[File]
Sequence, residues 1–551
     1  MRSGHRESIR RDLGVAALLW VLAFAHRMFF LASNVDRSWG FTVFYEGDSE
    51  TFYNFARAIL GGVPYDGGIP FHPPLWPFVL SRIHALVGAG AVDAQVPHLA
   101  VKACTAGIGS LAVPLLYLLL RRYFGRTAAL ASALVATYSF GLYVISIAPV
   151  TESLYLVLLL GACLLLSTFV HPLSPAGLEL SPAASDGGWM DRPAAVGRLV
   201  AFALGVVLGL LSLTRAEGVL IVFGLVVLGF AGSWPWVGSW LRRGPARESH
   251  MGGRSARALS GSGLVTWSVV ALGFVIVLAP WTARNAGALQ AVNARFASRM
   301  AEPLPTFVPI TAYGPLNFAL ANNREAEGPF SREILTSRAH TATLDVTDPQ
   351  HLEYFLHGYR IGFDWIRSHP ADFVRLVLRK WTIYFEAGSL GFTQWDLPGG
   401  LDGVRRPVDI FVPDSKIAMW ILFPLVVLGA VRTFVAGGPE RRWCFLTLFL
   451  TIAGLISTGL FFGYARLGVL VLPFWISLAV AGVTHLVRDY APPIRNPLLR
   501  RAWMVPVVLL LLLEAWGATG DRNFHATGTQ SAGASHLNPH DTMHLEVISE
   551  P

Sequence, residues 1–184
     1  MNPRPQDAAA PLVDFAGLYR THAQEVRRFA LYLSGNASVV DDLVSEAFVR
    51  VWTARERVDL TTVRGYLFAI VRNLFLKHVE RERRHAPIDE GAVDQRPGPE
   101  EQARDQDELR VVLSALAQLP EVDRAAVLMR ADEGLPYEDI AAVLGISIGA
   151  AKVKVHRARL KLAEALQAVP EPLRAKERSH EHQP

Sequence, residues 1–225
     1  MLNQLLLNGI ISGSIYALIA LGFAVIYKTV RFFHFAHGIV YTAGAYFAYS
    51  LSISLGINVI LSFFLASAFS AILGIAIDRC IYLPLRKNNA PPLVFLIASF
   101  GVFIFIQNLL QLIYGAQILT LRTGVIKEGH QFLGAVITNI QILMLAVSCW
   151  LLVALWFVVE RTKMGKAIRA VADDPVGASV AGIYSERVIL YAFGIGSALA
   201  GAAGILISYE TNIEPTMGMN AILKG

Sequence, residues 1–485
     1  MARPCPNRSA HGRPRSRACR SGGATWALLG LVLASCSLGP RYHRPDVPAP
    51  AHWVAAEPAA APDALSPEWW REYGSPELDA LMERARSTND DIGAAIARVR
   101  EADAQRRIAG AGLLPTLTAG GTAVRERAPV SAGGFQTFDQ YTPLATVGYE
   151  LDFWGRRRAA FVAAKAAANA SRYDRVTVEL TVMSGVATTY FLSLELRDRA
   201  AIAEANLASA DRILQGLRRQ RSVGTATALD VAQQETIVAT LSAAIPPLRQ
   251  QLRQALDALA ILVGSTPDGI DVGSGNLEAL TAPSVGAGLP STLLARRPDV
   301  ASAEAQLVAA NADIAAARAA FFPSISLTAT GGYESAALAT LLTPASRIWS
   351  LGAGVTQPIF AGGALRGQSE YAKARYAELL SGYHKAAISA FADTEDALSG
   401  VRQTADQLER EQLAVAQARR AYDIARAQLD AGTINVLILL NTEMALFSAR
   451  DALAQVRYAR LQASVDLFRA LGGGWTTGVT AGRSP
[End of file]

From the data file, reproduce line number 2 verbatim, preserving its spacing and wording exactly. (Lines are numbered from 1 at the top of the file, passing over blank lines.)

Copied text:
     1  MRSGHRESIR RDLGVAALLW VLAFAHRMFF LASNVDRSWG FTVFYEGDSE